This week, the internet has been in meltdown about the internet being in meltdown. And it’s been the creation of a new word which has done it.
Chinese social media almost exploded with the appearance of the word ‘Duang’, according to reports. Heard initially in a shampoo commercial by film star Jackie Chan in 2004, it re-emerged recently in a remix of the ad. Shortly afterwards the word went viral to such an extent that there were reports shortly afterwards about the word which broke the internet in China.
The facts about all of this seem curiously hard to pin down. What does duang mean? Nobody knows. One of its virtues seems to be that it has no meaning. The Chinese internet has supposedly melted because people have been putting into random statements and contexts indiscriminately, with everybody making sure they have been part of the neologistic craze, without, it seems, knowing why.
And why it has taken off is the other question I can’t really find an answer to. Some reports suggest it is timed to coincide with a new session of a legislative board which advises China’s government and of which Chan is a member. The word therefore either satirises him or pays homage to him. Who knows!
What is clear is that it remains a Chinese phenomenon. While it is now surfacing with reasonable frequency on Twitter, most of those links seem to be to articles about its usage, rather than using the term in the way in which it initially appeared, or at least that is true of the citations in English. In Chinese social media of course it is completely different, and that is where the major growth has been. So I don’t think this is an internationally born word which will make a crossover into English.
But what it does demonstrate is the way that new words can explode across our new forms of communication with almost bacterial speed, and that sometimes, they don’t even need to have a tangible meaning in order to exist. Sometimes, usage of word is enough to show you belong to something, and that is why people have been using it in their droves, to ensure they are part of the trend. And I’m Duang sure I’m right about that about that.
Even though 2015 has only just started, I think that we might already have the word of the year. Following the horrifying events in Paris, the hashtag #jesuischarlie has taken off globally. And I am left wondering if there will be a more powerful new term coined during the remainder of 2015.
Use of #jesuischarlie is fascinating in a number of ways. Initially it showed solidarity with the Charlie Hebdo employees who were gunned down on January 7.
But for me it has now become so much more. To put #jesuischarlie in a Twitter post or other article, to put it on a T-shirt or just into your normal conversation, is to associate yourself with a global statement about freedom of speech, is to say that people will not be silenced just because somebody thought it reasonable to take a gun to those who would disagree with them. It is now a badge of belonging, of showing that we will all fight back against terror and not be afraid to say what we think. And its meaning will now stick as the marker of any statement of freedom of speech.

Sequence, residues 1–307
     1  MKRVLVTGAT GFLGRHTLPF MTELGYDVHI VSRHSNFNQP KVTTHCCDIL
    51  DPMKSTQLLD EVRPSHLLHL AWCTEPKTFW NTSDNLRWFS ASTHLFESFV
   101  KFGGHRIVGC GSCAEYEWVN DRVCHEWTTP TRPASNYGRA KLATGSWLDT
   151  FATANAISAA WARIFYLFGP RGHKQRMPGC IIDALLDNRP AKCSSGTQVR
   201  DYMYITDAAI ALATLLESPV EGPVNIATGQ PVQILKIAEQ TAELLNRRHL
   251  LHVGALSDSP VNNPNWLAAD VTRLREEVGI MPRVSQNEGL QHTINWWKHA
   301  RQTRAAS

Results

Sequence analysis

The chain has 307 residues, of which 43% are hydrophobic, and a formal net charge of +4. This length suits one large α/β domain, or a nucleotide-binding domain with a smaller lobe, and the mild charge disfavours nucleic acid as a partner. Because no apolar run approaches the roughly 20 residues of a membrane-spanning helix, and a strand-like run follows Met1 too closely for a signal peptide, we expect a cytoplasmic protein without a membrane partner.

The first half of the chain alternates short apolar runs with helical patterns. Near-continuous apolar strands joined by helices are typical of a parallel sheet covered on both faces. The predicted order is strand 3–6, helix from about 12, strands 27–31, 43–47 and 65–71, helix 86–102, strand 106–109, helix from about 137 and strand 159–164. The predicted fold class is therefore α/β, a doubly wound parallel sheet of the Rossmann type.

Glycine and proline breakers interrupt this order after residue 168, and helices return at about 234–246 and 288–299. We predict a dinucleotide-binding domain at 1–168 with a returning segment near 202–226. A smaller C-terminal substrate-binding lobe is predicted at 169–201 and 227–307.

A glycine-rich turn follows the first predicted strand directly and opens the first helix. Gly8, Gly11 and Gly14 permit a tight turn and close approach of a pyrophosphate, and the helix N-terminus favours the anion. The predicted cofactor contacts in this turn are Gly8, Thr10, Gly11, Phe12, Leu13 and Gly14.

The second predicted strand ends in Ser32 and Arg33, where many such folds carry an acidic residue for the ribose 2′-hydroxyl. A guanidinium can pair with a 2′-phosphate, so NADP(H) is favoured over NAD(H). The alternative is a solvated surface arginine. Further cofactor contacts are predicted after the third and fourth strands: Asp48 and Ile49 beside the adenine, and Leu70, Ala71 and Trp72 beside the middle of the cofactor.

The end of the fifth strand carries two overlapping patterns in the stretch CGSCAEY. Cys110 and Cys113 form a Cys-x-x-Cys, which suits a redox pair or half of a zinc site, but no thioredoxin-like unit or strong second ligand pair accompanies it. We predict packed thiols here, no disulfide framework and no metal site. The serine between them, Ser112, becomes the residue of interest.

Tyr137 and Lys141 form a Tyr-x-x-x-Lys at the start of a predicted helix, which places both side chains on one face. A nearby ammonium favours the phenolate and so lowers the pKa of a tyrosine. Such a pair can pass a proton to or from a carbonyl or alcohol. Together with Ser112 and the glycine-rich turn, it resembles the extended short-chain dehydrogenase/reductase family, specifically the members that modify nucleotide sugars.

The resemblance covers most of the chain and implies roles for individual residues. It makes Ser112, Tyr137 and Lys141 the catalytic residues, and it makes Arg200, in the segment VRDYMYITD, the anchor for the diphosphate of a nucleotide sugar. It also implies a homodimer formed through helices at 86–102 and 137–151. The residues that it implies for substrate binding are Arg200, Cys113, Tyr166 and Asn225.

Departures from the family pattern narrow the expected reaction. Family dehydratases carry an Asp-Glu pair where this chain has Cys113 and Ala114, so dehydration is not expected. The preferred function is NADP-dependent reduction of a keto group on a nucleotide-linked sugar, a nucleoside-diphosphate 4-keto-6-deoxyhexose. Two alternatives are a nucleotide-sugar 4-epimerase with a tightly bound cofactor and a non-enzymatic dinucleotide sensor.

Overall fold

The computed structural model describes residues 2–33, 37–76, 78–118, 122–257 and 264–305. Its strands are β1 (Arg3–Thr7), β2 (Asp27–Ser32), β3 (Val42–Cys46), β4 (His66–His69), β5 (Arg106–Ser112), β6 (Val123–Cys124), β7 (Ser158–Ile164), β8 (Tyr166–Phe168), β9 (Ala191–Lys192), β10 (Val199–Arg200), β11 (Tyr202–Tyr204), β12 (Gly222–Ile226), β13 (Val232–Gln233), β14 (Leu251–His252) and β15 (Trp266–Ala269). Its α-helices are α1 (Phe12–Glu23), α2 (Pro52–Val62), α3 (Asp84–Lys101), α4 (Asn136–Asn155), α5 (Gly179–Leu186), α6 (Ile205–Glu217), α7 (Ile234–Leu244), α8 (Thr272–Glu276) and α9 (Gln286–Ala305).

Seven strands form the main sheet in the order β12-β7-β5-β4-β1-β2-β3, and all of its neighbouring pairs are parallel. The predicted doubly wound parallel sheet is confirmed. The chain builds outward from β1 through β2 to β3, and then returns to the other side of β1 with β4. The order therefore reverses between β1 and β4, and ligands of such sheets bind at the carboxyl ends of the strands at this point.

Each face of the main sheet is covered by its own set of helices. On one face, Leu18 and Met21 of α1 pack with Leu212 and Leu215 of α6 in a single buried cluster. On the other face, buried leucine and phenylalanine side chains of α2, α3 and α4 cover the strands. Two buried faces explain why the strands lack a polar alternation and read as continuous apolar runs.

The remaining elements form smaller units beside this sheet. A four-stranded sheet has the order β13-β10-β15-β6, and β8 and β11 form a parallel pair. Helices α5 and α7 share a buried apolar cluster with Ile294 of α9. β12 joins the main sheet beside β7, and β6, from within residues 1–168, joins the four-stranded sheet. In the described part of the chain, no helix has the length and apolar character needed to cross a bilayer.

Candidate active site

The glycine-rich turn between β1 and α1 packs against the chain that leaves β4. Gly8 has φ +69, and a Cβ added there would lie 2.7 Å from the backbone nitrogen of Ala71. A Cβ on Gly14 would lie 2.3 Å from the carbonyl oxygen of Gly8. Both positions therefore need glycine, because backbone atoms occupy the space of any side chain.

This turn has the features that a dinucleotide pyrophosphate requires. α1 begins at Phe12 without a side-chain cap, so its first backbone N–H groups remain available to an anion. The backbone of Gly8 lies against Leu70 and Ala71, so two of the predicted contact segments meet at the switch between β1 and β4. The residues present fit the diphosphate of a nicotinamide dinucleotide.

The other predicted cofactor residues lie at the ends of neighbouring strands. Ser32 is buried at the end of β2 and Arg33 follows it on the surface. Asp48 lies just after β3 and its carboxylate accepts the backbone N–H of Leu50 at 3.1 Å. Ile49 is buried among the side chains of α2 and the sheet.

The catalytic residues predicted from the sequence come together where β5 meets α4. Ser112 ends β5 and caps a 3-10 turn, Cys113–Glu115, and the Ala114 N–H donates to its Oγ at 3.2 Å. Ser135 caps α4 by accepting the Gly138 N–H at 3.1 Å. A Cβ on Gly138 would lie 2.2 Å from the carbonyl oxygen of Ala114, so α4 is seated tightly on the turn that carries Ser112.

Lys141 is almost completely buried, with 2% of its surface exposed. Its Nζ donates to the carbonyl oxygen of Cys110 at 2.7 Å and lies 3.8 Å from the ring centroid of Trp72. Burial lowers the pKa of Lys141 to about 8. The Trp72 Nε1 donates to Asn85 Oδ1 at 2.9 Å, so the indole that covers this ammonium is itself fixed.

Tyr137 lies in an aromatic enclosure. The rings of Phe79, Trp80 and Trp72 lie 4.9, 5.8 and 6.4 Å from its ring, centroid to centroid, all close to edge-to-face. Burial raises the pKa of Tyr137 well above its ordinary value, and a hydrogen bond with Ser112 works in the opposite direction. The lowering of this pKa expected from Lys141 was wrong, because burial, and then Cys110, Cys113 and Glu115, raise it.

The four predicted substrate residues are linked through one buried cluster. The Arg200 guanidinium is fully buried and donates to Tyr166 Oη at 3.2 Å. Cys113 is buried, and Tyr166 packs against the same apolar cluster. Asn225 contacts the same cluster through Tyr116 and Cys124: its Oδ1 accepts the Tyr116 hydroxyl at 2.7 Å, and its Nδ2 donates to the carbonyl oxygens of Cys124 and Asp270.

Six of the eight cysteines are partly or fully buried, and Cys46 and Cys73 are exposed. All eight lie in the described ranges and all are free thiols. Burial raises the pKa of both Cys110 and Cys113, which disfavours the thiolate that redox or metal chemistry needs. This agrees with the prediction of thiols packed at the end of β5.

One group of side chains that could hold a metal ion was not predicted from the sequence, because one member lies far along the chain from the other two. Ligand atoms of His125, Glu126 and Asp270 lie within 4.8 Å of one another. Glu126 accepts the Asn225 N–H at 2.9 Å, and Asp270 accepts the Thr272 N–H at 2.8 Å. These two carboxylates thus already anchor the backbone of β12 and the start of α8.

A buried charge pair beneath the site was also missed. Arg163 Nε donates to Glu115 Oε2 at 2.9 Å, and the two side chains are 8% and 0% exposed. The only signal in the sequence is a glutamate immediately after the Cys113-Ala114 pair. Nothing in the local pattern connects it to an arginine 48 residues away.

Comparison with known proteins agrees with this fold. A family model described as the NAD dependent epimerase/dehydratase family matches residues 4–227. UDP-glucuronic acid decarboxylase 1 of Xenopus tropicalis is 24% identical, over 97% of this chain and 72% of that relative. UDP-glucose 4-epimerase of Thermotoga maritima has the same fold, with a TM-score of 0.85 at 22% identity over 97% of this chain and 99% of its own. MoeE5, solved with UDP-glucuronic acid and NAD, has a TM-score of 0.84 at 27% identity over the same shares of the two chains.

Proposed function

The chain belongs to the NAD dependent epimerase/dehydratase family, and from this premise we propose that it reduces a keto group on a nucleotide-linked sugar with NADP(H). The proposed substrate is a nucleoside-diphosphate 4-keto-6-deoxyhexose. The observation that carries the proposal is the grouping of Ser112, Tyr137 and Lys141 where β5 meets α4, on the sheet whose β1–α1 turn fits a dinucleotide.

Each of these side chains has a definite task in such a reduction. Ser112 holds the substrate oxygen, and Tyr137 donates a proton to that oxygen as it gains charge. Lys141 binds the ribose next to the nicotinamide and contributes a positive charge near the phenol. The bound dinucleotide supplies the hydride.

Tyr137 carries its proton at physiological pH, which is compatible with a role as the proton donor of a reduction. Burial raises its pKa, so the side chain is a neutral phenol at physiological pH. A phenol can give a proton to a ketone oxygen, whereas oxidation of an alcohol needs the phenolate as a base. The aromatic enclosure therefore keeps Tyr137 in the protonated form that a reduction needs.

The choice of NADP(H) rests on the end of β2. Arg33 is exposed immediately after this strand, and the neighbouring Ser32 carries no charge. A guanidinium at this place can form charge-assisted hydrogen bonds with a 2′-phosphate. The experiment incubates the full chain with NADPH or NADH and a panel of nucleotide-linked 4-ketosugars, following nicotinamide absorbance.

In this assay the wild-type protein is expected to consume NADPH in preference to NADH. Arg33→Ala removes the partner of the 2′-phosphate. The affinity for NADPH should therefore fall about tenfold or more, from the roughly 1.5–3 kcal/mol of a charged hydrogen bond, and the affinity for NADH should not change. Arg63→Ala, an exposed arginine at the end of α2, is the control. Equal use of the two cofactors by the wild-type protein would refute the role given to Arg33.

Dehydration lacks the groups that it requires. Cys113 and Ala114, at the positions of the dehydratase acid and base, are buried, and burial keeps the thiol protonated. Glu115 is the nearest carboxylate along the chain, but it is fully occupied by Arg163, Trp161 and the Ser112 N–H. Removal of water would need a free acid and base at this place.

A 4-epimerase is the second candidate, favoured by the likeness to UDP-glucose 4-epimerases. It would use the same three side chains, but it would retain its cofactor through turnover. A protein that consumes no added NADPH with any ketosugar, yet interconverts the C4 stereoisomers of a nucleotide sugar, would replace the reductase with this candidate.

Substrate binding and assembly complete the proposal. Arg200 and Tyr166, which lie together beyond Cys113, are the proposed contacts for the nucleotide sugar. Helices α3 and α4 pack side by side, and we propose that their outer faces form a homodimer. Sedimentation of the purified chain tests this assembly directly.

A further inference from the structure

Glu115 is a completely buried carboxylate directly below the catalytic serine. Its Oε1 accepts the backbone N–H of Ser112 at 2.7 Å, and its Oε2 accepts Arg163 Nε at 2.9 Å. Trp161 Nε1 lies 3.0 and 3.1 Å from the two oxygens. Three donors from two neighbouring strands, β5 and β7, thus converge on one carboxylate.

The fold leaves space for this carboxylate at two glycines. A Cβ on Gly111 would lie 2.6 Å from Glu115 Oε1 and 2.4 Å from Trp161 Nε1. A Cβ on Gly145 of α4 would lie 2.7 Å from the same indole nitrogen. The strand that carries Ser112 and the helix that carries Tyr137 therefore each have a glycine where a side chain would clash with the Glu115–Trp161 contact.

From a linguistic point of view, it demonstrates how language evolution is changing across all cultures. The fact that jesuischarlie is French is irrelevant, it is already an internationally understood term, good in any language. It is already capable of evolution, with #jesuisahmed appearing quickly on Twitter in tribute to Ahmed Merabet, the Muslim policeman who also died in the attack. And it is not fanciful to imagine #jesuis emerging as a permanent prefix, capable of taking countless other endings to make anti-terror statements.
This also shows how hashtags are becoming words in their own right. To emphasise the point, the American Dialect Society this week chose #blacklivesmatter as the word of 2014, referencing emotive protests across North America. Ben Zimmer, chair of the New Words Committee of the American Dialect Society, said: “While #blacklivesmatter may not fit the traditional definition of a word, it demonstrates how powerfully a hashtag can convey a succinct social message.”
We can only hope that events in Paris will not be the precursor to a year of atrocities and that freedom of speech will not be threatened again in this way. But it is moving to see the way that millions have stood up to have their voices heard, and have found a new word to rally behind.